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December 12, 2012 at 5:22 pm 8 comments

Introducing AnalyticsPBI for Azure—A Cloud-Centric, Components-Based, Streaming Analytics Product

By Terence Craig

It has been a while since I’ve done posts that focus on our technology (and big data tech in general). We are now about 2 months out from the launch of the Azure version  of our analytics application, AnalyticsPBI, so it is the perfect time to write some detailed posts about our new features. Consider this the first in the series.

But before I start exercising my inner geek, it probably makes sense to take a look at the development philosophy and history that forms the basis of our upcoming release. Historically, we delivered our products in one of two ways:

  • As a framework which morphed (as of release 2.0) into AnalyticsPBI, our general analytics application designed for business users, quants, and analysts across industries.
  • As vertical applications (customized on top of AnalyticsPBI) for specific industries (like FinancePBI and our original Retail Analytics application) which we sold directly to companies in those industries.

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November 29, 2012 at 8:38 am 8 comments

In a New York/East Coast Frame of Mind—Ways to Help Hurricane Sandy Victims

By Mary Ludloff

A week ago, I was in New York City for Strata’s Big Data Conference. The weather was sunny and mild and as I walked around the City I was reminded of just how vibrant it is and told my husband later that evening that we have to visit it more often. After the conference, I headed home and then watched with disbelief as this wonderful city, surrounding areas, and many more states were engulfed by Hurricane Sandy. I was saddened by the destruction and loss of life, but today am reminded of the resilience of its inhabitants as the clean up and rebuilding begins. For those of you interested in helping, I point you to ABC News’ story and the Wall Street Journal’s article on ways to help the storm victims. Or you can go to the Red Cross home page for information on how to make a financial donation or give blood. To all of you on the East Cost impacted by Hurricane Sandy: Our hearts go out to you and you are in our prayers.

November 1, 2012 at 6:50 am Leave a comment

Big Data and Science: Focus on the Business and Team, Not the Data (Part 3 of 3)

By Mary Ludloff

Let me tell you a little secret: I always know when I am talking (and working) with a company that has successfully launched big data initiatives. There are three characteristics that these companies share:

  1. A C-level executive runs the “[big] data operations.”
  2. The Chief Data Officer (even if they are the CIO) has a heavy business/operations background.
  3. The data team is focused on the “business,” not the data.

Did you notice that technology and data science are not reflected in any of the characteristics? Some of you may consider this sacrilege—after all, we are operating in a world where technology (and I happily work for one of those companies) has changed the data collection, usage, and analysis game. Colleges and universities are now offering master degrees in analytics. The role of the data scientist has been pretty much deified (I refer you to Part 1 of this series). And we all need to be very worried about the “talent shortage” and our ability to recruit the “right analytical team” (I refer you to Part 2 of this series).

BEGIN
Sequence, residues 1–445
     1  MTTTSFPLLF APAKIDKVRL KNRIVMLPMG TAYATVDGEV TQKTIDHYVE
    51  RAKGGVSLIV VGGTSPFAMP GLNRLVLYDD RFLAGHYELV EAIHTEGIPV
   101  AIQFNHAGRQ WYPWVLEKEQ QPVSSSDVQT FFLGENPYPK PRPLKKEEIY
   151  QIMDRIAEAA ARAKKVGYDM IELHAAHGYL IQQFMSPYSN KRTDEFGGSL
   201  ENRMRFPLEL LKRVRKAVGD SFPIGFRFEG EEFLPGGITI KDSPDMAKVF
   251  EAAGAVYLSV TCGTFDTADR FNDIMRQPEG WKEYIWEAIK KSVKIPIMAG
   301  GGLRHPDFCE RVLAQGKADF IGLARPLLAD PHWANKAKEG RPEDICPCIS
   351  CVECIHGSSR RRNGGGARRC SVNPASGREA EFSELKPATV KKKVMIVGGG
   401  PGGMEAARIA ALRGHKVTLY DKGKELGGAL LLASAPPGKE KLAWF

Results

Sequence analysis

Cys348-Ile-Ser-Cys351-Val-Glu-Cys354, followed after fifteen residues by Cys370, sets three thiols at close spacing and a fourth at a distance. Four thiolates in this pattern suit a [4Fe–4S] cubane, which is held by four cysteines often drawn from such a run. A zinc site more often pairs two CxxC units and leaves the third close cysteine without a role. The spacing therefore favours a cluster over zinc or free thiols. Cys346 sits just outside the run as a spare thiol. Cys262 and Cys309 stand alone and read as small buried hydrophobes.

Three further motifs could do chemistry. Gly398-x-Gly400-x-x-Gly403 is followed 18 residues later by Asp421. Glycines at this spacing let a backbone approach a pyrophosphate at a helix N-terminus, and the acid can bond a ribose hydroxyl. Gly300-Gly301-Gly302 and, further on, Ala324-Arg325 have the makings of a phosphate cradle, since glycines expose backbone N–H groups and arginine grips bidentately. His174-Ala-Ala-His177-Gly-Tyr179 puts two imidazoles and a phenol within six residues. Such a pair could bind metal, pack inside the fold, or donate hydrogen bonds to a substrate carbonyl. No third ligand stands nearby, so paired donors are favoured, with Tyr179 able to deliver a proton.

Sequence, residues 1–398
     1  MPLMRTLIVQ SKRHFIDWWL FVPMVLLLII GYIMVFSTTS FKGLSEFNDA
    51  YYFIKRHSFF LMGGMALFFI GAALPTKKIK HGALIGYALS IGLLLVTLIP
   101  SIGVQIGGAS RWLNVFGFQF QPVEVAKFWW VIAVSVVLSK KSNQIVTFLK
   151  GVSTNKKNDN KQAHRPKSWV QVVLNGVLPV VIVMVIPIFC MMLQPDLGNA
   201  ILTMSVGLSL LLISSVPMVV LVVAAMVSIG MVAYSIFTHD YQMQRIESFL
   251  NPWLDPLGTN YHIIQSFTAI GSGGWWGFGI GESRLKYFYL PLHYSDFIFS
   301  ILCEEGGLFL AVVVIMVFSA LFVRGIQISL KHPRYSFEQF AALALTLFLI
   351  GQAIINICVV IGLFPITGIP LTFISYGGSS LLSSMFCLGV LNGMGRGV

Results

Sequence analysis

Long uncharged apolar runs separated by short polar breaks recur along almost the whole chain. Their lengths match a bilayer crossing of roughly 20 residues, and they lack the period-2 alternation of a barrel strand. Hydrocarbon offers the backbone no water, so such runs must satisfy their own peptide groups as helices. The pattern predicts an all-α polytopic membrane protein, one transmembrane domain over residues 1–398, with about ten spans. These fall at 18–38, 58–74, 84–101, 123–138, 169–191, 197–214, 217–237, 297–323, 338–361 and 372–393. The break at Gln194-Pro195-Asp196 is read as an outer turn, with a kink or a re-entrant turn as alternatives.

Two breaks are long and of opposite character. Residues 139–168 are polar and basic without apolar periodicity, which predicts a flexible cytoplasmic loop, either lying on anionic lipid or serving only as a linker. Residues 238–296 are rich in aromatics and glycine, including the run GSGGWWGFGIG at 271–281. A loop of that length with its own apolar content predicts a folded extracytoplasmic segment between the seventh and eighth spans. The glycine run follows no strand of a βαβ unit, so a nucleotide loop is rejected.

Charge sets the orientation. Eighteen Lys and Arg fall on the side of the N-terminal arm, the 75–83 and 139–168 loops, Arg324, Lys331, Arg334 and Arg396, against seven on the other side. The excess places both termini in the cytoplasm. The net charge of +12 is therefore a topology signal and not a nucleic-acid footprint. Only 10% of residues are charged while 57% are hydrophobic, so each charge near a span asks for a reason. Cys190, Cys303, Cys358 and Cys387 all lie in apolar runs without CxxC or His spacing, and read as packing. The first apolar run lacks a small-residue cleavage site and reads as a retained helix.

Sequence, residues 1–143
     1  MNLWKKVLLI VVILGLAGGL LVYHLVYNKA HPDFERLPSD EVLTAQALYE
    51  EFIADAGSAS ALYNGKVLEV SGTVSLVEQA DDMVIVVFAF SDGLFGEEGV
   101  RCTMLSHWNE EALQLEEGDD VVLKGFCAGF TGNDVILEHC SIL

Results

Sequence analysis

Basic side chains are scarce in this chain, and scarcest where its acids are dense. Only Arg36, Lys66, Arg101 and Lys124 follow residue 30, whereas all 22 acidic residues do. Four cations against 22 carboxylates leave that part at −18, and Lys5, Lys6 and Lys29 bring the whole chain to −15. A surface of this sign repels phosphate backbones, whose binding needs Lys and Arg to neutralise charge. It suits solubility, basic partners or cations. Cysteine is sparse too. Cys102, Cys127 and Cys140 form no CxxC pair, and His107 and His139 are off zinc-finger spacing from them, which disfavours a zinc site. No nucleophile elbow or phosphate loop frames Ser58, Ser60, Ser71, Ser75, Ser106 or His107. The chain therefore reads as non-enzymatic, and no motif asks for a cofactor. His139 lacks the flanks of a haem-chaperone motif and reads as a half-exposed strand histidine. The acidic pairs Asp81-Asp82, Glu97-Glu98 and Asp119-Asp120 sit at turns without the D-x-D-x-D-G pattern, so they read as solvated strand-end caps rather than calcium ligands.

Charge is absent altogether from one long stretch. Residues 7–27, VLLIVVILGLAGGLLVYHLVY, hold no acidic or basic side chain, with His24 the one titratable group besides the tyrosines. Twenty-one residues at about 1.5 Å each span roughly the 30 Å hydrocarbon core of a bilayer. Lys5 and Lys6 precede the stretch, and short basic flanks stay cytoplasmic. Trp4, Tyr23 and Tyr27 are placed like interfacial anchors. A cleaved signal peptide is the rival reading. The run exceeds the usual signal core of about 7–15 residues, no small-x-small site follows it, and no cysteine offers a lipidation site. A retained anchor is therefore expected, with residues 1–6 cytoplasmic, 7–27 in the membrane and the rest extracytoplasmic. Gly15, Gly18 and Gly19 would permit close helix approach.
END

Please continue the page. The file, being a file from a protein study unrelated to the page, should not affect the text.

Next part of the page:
Yes—technology has had a tremendous impact on how much data we can collect and the ways in which we can analyze it but not everyone needs to be a senior computer programmer. Yes—we all should strive to be more mathematically inclined but not all of us need Master’s or PhD’s in statistics or analytics. Yes—some companies, based on their business models, may have a staff of data scientists but others may get along just fine without one (with the occasional analytics consultant lending a hand). (more…)

October 20, 2012 at 4:50 am 4 comments

Data Science: What the World Needs is Answers, Not Just Insights Part 2 (of 3)

By Marilyn Craig, Managing Director, Insight Voices

As you may or may not know, we are in the midst of a 3-part series on data science, covering roles, skills, etc.—generally what you should think about as well as what’s not as important (no matter what the latest articles say!). For Part 2, we have a guest poster—Marilyn Craig of Insight Voices. Marilyn is what I like to call a “classic quant.” She has been at the forefront of big data and data science before most people knew these terms (and spaces) existed and has been my go-to person whenever I had an analytics question (see title) that I needed an answer to. In this post, Marilyn looks at insights and makes the case for why we should all care far more about answers. Take it away Marilyn!

Here’s an interesting question for this new world order of Big Data Analytics: what’s an Insight and what’s an Answer? Sometimes they are the same, sometimes not. An insight is a piece of information or understanding. It may or may not be useful. It may or may not help your business improve, solve world hunger, or even make sense. An answer is always useful. It is the result of asking a question. And the best kinds of answers are those that solve the questions that you really care about. (more…)

October 8, 2012 at 10:57 am 5 comments

In Search of Elusive Big Data Talent: Is Science Big Data’s Biggest Challenge? Or Are We Looking in the Wrong Places? (Part 1 of 3)

By Mary Ludloff

When we talk to prospects about their big data initiatives our conversations usually revolve around issues of complexity that goes something like this:

“Big data is so big (no pun intended), there’s such a variety of sources, and it’s coming in so fast. How can we develop and deploy our big data projects when everyone is telling us that we need lots and lots of data scientists and oh, by the way, there aren’t enough?”

Admittedly, many media outlets and pundits are positioning the search for skilled big data resources as what I can only characterize as the battle for the brainiacs. Don’t get me wrong, I am not disputing McKinsey’s report on big data last year that made it clear a talent shortage was looming, estimating that the U.S. would need 140,000 to 190,000 folks with “deep analytical skills” and 1.5 million managers and analysts to “analyze big data and make decisions based on their findings.” But the hype surrounding the data scientist is getting a bit absurd and we seem to be forgetting that those 1.5 million managers and analysts may already be “walking amongst us.” Is a shortage of data scientists really big data’s biggest challenge? (more…)

September 30, 2012 at 2:04 pm 7 comments